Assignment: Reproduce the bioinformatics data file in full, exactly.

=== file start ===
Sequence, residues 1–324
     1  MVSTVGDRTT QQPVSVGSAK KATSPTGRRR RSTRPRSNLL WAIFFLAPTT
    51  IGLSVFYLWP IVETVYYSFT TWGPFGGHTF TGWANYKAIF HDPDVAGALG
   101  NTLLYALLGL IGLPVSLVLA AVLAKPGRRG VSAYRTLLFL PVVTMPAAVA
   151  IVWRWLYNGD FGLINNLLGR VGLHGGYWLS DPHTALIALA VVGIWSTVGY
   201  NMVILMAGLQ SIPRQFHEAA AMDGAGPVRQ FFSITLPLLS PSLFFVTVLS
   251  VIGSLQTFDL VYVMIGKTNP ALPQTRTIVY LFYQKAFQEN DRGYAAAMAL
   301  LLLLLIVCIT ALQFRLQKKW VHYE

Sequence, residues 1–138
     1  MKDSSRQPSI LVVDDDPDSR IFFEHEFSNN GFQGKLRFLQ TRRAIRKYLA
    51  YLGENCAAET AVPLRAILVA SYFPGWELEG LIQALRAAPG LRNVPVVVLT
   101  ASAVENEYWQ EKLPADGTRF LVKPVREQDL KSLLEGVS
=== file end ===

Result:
Sequence, residues 1–324
     1  MVSTVGDRTT QQPVSVGSAK KATSPTGRRR RSTRPRSNLL WAIFFLAPTT
    51  IGLSVFYLWP IVETVYYSFT TWGPFGGHTF TGWANYKAIF HDPDVAGALG
   101  NTLLYALLGL IGLPVSLVLA AVLAKPGRRG VSAYRTLLFL PVVTMPAAVA
   151  IVWRWLYNGD FGLINNLLGR VGLHGGYWLS DPHTALIALA VVGIWSTVGY
   201  NMVILMAGLQ SIPRQFHEAA AMDGAGPVRQ FFSITLPLLS PSLFFVTVLS
   251  VIGSLQTFDL VYVMIGKTNP ALPQTRTIVY LFYQKAFQEN DRGYAAAMAL
   301  LLLLLIVCIT ALQFRLQKKW VHYE

Sequence, residues 1–138
     1  MKDSSRQPSI LVVDDDPDSR IFFEHEFSNN GFQGKLRFLQ TRRAIRKYLA
    51  YLGENCAAET AVPLRAILVA SYFPGWELEG LIQALRAAPG LRNVPVVVLT
   101  ASAVENEYWQ EKLPADGTRF LVKPVREQDL KSLLEGVS